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A "bathtub ring" is visible at sunset in July during low water levels at the Lake Mead reservoir due to the Western drought. Photo: Patrick T. Fallon/AFP via Getty images

For the first time since its construction in the 1930s, the federal government has formally declared a water shortage at Lake Mead, the nation's largest reservoir by volume, on the Colorado River.

Why it matters: The declaration, issued by the Bureau of Reclamation, sets in motion a series of water allocation cuts to downstream states along the Colorado River.

  • It also serves as a stark warning to a rapidly growing Southwest population that drought, heat and climate change are major threats to the region.

Driving the news: Lake Mead is at record low levels, having dropped below 1,075 feet above sea level, or 40% of capacity. The cuts come because the forecast lake level for 2022 is below that level as well.

The West has been mired in the worst drought of this century, and when viewed over several decades, scientists have found that the Southwest is locked in the grip of the first climate change-caused megadrought seen in the past 1,200 years.

  • The water level of Lake Mead has been on the decline since about 1999.
  • Hotter temperatures and a reduction to spring snowmelt has reduced the water flowing into the Colorado River from the Rockies, where the river begins, before winding its way into the Gulf of California. So too has burgeoning water demand from increasing populations and thirsty agricultural interests.
  • A series of agreements governs water use from the river, as well as the cuts to be implemented when the water levels dip below a certain threshold.

Details: Lake Powell’s levels also are on the decline, which poses a threat to the electricity generated by the Glen Canyon Dam, threatening the roughly 5 billion kilowatt hours of electricity generated each year at the Glen Canyon Dam.

  • This first round of cuts is going to have the greatest impact on Arizona farmers, as the state will lose 18% of its share from the river, which translates to about 8% of the state's total water use, or 512,000 acre-feet. (An acre-foot is about enough water to cover an acre in a foot of water.)
  • Farmers in Arizona are likely to experience the brunt of the water cuts and may be faced with tough choices of letting their fields go fallow or tapping dwindling groundwater supplies or other alternate water sources.
  • Under the water allocation cuts, Nevada will lose about 7% of its allocation, or 21,000 acre-feet of water.
  • Mexico will see a reduction of roughly 5%, or 80,000 acre-feet.
  • According to the Bureau of Reclamation, the Upper Colorado River Basin experienced an exceptionally dry spring in 2021, with April to July runoff into Lake Powell totaling just 26% of average despite near-average snowfall last winter.
  • The Interior Department agency predicts the amount of water that would flow into Lake Mead without storage behind the dam is just 32% of average.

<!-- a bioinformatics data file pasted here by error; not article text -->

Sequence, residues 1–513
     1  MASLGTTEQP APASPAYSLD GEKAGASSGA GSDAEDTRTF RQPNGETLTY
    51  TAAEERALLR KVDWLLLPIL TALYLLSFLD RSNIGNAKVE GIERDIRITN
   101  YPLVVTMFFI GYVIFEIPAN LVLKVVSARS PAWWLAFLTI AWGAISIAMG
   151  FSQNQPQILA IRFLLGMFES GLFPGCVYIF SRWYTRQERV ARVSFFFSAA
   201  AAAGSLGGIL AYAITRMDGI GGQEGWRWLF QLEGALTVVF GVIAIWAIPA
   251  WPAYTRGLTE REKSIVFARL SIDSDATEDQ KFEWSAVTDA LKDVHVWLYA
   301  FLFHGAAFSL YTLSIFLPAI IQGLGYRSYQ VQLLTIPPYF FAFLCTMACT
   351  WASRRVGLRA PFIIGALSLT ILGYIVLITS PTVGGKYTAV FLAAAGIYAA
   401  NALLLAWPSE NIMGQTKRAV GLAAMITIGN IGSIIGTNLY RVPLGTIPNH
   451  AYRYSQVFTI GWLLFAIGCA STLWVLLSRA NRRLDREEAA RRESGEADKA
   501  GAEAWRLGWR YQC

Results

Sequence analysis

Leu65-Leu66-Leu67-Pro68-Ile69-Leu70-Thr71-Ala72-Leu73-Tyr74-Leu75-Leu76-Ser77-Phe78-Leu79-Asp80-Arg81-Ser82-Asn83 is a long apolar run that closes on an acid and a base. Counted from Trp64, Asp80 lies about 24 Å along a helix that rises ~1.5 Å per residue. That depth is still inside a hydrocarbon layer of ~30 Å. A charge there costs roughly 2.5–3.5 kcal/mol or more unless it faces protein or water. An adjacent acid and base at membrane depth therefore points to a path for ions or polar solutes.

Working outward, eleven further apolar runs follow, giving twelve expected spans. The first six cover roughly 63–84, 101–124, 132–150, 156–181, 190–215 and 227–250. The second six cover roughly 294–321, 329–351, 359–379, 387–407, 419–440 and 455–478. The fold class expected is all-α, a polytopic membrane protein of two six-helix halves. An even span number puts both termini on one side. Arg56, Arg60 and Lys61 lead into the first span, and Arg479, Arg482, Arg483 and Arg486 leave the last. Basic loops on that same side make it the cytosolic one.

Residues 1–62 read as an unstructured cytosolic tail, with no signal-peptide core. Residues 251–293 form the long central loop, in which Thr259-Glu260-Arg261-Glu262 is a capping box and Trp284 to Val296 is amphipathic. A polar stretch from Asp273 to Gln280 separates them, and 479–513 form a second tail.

What they're saying: "It's clear that the scale and pace of climate change in the Colorado River Basin poses a huge threat to the water supplies on which everything depends," Kevin Moran, who leads the Colorado River program for the Environmental Defense Fund, told Axios.

  • “The Colorado River is the lifeblood of many Arizona cities, tribal communities, and generations of farmers who depend on it for water,” said Sen. Mark Kelly (D-Ariz). “The announcement by the Bureau of Reclamation is serious, but Arizona has prepared for these initial water curtailments through the Lower Colorado River Drought Contingency Plan."

Go deeper

Oct 25, 2021 - Axios Denver

Colorado predicted to have a warmer, drier winter

NOAA; Map: Kavya Beheraj/Axios; Data: NOAA; Map: Kavya Beheraj/Axios

The return of La Niña for the second straight year means winter in Colorado will bring warmer temperatures and less precipitation than normal, according to a new forecast by the National Oceanic and Atmospheric Administration.

Why it matters: Dry conditions have fueled some of Colorado's most devastating wildfires, including last year's East Troublesome blaze, which raged for more than a month and destroyed nearly 194,000 acres.

Atmospheric river slams California, but La Niña winter looms

Data: NOAA; Map: Will Chase/Axios

The extreme atmospheric river pummeling parts of Northern California — attached to a record strong bomb cyclone, no less — may be a poor indicator of how this winter will treat the West.

Why it matters: With much of the West locked in the first climate change-related megadrought, with an especially pronounced dry period since 2020, hopes are pinned on the rain and mountain snow that could fall during the wet season.

Oct 25, 2021 - Axios Twin Cities

From the archives: Minnesota's waterskiing contribution

Ralph Samuelson (right) poses with his original water skis in the 1960s. Photo courtesy of the Minnesota Historical Society

Minnesota's spot in history as the birthplace of waterskiing might soon get some extra recognition.

Driving the news: Three members of Minnesota's congressional delegation — U.S. Sens. Amy Klobuchar and Tina Smith, and U.S. Rep. Angie Craig — recently introduced a resolution urging the Postal Service to create a commemorative stamp honoring next year's 100th anniversary of the sport.